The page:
I guess to be completely transparent, I should mention that the first few months of my pregnancy, I was walking on eggshells a little bit. Not because I had concerns about becoming a mother, but because I was afraid of having that ripped away. I don’t consider myself old by any means, but I recognize that the longer I waited to conceive, the more opportunities for complications there would be. Miscarriages are very common, even if everyone doesn’t feel comfortable speaking about them. I in fact suffered a miscarriage just before this pregnancy, but we’ll save that experience for another time - it’s something I feel strongly that I want to speak on when the time feels right. In any case - it made my current pregnancy that much more nerve wracking at the start.

Everything was very by the book trimester one - no caffeine, no stress if I could manage it, I slowed my work down to the best of my ability. Anything that would help make this a viable pregnancy - I did. Even though things seemed to be going well, I wanted to keep this close to the vest, just in case. Hiding the pregnancy wasn’t the easiest thing to do, but a few mocktails and a stoic poker face got me through.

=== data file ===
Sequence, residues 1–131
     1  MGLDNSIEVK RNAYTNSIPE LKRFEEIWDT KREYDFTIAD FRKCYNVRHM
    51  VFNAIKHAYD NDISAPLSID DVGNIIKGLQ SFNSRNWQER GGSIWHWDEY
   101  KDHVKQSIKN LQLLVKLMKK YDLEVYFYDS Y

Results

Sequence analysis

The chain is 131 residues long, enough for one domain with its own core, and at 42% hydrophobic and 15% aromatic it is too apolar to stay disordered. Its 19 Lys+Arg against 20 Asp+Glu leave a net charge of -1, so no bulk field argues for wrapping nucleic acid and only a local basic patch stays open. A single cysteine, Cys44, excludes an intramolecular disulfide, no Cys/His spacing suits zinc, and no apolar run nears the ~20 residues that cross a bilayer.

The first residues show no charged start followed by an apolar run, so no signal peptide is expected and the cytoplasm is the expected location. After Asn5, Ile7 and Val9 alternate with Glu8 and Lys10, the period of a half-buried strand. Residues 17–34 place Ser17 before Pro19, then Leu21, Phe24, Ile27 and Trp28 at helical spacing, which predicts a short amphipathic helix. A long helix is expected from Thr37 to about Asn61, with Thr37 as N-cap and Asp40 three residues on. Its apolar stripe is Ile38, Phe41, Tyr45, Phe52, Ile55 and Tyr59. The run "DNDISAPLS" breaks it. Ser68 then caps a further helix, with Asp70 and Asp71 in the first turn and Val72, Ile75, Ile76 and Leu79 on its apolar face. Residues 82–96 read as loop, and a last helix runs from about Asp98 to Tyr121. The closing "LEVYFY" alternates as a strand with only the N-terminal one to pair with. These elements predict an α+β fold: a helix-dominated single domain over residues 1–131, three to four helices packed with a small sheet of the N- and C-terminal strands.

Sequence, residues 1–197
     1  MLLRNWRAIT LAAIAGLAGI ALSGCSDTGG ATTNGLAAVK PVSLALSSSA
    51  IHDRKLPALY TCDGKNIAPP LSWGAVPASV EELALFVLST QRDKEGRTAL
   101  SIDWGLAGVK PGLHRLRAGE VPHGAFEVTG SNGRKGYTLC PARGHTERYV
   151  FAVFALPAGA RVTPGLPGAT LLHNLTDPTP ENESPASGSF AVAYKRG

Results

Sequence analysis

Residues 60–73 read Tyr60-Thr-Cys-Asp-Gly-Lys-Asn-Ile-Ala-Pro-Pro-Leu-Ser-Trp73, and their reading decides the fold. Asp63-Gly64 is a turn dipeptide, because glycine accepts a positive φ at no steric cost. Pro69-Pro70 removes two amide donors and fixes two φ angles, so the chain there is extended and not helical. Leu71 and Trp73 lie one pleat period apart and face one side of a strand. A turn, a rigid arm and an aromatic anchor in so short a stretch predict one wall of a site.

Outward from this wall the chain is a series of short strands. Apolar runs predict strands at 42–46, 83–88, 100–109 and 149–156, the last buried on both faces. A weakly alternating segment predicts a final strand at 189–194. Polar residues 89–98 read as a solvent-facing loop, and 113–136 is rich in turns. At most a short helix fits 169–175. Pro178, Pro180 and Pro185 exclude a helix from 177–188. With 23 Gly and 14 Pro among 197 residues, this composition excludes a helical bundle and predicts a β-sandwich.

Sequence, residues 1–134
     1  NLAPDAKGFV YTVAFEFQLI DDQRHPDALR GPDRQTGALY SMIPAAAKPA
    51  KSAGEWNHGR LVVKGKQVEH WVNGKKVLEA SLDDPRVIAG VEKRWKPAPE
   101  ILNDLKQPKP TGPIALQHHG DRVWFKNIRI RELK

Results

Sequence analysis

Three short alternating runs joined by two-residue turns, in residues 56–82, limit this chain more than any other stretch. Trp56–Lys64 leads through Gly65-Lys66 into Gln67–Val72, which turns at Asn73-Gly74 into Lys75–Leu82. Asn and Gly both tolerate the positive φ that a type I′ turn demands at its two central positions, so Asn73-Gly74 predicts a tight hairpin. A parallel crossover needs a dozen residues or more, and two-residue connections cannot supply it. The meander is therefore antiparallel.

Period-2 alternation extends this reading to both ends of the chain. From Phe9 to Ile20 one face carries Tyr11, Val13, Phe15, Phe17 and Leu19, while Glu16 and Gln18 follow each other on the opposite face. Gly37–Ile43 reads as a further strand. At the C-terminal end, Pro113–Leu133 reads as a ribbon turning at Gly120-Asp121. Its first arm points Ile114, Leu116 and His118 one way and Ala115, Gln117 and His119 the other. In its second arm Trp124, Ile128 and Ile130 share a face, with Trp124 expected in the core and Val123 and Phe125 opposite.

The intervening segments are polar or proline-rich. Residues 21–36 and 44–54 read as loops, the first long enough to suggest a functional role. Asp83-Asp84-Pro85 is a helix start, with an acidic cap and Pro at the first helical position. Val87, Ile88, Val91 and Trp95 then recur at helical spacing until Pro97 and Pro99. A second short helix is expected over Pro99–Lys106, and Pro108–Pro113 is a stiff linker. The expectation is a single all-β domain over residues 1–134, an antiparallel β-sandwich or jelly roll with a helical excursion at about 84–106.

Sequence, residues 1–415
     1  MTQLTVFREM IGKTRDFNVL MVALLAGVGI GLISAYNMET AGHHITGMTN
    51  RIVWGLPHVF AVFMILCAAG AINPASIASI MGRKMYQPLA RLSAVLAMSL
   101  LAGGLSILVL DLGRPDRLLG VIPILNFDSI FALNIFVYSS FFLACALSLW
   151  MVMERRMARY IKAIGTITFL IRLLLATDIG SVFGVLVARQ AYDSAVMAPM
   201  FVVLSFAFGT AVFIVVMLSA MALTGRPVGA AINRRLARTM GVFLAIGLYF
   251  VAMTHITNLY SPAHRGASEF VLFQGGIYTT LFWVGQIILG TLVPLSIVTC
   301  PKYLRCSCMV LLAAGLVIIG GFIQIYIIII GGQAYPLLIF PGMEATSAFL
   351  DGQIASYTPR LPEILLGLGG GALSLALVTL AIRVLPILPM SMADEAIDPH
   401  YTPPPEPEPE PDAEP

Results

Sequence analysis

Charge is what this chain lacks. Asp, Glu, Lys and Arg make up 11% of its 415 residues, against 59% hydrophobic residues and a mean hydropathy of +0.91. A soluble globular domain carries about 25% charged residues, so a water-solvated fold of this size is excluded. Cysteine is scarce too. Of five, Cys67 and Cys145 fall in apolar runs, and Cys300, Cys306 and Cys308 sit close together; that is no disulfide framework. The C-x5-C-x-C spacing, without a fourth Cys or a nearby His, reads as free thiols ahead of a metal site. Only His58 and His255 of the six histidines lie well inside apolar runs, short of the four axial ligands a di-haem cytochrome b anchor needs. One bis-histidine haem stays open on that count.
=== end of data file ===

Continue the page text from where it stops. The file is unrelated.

Ashley Greene Khoury and bump

Physically, I’ve found the changes in my body so fascinating. My first trimester, I mostly felt like I was hungover and exhausted everyday. While that certainly wasn't ideal, It wasn't debilitating either. And let's be honest… I've survived a hangover or two in my twenties! Most days were tolerable and I was able to work through the days with my pregnancy undetected. I actually began to appreciate the pesky symptoms, solely for the comfort that if I felt a little crappy, things were likely progressing along.